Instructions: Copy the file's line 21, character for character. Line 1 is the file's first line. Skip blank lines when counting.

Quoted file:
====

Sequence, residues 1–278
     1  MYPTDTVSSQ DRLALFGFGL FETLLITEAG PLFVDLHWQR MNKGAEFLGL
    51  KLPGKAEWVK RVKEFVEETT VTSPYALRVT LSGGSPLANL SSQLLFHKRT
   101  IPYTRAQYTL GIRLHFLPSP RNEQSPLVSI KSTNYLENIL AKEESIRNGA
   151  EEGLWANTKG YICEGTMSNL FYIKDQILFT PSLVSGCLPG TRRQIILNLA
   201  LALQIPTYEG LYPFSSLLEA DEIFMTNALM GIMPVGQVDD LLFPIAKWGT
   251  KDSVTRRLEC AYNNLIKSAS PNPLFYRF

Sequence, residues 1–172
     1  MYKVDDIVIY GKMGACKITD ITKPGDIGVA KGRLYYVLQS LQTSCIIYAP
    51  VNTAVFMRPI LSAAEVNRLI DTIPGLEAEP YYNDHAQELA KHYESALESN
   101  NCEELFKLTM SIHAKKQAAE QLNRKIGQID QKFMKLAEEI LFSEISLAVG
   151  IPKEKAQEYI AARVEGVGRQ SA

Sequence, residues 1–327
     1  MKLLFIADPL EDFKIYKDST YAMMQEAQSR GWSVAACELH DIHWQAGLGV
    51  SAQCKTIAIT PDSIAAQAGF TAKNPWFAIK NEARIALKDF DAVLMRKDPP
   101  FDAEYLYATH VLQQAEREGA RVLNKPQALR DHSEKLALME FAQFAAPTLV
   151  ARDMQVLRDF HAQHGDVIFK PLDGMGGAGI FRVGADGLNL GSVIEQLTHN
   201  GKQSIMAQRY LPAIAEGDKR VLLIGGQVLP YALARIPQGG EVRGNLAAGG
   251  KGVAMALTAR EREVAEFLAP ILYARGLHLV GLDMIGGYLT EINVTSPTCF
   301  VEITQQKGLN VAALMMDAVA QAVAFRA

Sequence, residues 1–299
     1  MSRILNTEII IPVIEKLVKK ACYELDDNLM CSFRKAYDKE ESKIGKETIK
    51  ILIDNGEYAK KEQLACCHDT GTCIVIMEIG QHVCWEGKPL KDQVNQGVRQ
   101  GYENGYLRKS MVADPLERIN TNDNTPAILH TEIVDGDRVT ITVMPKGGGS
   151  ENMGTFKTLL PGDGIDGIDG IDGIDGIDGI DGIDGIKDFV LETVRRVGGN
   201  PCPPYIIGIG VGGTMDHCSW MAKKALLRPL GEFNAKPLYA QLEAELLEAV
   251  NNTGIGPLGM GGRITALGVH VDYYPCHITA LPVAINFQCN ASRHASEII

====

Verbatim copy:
Sequence, residues 1–299